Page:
3X + 2Y < 128</CODE>

Where X is the number of Intel VFs, and Y is the number of Emulex VFs.

Additional Information

Assign SR-IOV is disabled by default on ESXi 5.1 and 5.5. To enable SR-IOV, use the esxcli command or host profiles in 5.1. In vSphere 5.5, it can be done through the vSphere Web Client also.

Note: For SR-IOV to function, physical hosts must meet these requirements.
  • Supported Processor: Intel VT-d or AMD-Vi
  • Motherboard firmware support for Intel VT-d or AMD-Vi
  • IOMMU is enabled in the BIOS/UEFI

To enable SR-IOV on a Physical Adapter using the esxcli command in ESXi 5.1 or 5.5:

  1. At the host console, or via SSH as root, run the command:

    esxcli system module parameters set -m NIC_Driver_Module -p "max_vfs=n"

    • NIC_Driver_Module is the module name of the NIC which is SR-IOV capable (for example, ixgbe)
    • n is the number of virtual functions (VFs) provided by the NIC (for example, 8)

    For example, to configure for an Intel X540 10 GB Ethernet Adapter, run the command:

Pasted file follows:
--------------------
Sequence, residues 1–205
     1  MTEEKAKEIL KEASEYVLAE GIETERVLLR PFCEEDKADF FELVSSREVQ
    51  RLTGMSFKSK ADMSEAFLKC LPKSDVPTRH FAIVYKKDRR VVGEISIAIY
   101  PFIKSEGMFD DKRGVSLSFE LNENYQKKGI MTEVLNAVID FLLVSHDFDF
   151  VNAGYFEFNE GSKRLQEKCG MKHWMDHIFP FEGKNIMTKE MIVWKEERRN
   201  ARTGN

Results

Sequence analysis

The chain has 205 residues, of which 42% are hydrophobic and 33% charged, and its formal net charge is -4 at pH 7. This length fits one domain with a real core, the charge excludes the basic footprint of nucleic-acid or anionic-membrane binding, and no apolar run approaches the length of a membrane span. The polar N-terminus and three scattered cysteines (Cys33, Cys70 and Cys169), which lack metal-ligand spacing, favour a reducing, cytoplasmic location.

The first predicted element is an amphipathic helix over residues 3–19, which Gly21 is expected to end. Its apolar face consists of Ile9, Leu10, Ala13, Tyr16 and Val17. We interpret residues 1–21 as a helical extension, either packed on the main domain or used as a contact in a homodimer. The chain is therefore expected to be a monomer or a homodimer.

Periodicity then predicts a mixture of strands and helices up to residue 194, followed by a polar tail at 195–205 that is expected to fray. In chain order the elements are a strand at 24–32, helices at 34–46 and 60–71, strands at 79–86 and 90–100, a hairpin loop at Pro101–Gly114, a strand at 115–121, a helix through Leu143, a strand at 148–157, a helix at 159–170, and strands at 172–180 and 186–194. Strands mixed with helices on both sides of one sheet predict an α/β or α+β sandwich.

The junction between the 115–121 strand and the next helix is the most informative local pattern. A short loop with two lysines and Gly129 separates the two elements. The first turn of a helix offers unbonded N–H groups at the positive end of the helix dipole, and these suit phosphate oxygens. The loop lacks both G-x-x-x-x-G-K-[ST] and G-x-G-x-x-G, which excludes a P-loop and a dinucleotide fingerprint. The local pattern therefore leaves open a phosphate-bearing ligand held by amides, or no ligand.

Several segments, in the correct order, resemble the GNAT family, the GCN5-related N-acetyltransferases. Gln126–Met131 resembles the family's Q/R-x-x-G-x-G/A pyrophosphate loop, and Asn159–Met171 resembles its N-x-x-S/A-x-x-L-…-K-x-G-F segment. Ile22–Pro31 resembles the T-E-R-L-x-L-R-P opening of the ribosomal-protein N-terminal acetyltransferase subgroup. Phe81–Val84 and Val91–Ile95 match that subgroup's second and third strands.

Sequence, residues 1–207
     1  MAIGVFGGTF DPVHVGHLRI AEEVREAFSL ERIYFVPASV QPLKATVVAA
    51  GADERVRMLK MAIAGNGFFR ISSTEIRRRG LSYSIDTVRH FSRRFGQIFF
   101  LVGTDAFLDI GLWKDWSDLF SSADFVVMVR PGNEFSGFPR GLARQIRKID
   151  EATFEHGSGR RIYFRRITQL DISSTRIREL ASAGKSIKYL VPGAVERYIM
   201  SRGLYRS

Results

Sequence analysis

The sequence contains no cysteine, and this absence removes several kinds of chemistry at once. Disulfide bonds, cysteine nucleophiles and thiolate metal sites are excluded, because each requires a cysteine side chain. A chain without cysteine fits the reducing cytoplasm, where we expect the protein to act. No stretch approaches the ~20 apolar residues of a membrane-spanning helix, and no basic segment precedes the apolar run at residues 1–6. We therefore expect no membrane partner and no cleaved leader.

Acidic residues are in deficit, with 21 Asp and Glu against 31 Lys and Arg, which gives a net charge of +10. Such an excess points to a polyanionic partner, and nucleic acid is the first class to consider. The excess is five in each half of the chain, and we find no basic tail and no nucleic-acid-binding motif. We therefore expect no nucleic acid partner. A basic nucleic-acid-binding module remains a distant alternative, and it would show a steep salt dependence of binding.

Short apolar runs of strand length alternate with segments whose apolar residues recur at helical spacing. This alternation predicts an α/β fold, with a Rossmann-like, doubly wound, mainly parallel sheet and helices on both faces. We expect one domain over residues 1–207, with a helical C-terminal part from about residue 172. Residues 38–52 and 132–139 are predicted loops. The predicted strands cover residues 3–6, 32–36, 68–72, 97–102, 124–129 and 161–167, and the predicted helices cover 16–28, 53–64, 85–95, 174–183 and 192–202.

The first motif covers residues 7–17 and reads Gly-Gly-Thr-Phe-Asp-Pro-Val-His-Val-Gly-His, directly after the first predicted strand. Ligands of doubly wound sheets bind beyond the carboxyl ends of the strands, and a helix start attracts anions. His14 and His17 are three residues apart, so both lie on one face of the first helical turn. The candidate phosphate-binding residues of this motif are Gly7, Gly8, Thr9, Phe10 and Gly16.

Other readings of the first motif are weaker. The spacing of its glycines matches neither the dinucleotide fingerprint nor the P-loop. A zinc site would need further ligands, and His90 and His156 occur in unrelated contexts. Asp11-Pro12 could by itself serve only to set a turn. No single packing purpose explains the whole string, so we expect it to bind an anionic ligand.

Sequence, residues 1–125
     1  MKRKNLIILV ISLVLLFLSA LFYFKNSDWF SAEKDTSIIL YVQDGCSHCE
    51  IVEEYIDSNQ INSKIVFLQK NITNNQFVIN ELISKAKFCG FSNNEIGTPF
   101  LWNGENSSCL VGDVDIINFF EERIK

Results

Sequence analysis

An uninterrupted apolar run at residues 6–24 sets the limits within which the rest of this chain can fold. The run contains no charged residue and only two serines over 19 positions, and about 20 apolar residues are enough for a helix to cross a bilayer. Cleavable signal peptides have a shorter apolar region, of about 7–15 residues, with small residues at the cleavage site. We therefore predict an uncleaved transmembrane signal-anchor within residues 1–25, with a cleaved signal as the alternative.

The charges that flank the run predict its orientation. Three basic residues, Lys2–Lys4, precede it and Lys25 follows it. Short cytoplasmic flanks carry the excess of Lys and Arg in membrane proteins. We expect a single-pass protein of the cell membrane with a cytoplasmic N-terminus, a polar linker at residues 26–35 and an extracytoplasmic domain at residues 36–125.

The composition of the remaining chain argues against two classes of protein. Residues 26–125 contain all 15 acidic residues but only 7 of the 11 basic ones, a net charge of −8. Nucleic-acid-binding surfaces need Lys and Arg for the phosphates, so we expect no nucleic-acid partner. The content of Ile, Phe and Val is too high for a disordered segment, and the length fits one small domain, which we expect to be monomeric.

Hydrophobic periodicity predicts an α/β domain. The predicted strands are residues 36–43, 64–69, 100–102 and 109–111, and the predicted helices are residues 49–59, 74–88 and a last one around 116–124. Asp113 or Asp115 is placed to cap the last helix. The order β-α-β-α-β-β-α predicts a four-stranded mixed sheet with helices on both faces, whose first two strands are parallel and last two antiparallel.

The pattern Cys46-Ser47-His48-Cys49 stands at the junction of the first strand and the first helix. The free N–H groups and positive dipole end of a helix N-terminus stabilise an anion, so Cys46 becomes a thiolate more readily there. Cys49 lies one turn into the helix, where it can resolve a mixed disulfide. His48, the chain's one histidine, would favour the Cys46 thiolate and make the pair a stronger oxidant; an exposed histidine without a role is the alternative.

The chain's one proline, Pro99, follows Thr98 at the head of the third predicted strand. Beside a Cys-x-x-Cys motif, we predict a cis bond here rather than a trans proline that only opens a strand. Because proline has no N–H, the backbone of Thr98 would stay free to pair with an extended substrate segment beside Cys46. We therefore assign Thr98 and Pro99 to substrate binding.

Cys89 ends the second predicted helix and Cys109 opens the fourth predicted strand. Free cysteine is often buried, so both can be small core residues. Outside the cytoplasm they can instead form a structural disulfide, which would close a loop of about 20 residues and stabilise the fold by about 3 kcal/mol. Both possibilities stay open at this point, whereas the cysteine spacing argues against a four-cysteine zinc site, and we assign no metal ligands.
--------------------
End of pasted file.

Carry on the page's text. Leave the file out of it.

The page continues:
esxcli system module parameters set -m ixgbe -p "max_vfs=8"

    If you have a dual port NIC or two NICs that use the same module, run the command:

    esxcli system module parameters set -m ixgbe -p "max_vfs=8,8"

    Note: Add a comma and the value 8 for each additional NIC (for example, max_vfs=8,8,8 for three NICs, and so on). The number of virtual functions supported and available for configuration depends on your system configuration.
  2. Reboot the host to reload the driver with the configured parameters.

To enable SR-IOV on Physical Adapter using host profiles in the ESXi 5.1 or 5.5 :
  1. From the vSphere Web Client Home, click Rules and Profiles > Host Profiles.
  2. Select the host profile from the list and click the Manage tab.
  3. Click Edit Host Profile and expand the General System Settings folder.
  4. Expand Kernel Module Parameter and select the parameter of the physical function driver for creating virtual functions.

    For example, the parameter for the physical function driver of an Intel physical NIC is max_vfs.
  5. In the Value text box, type a comma-separated list of valid virtual function numbers.

    Each list entry is the number of virtual functions that you want to configure for each physical function. A value of 0 means SR-IOV is not enabled for that physical function.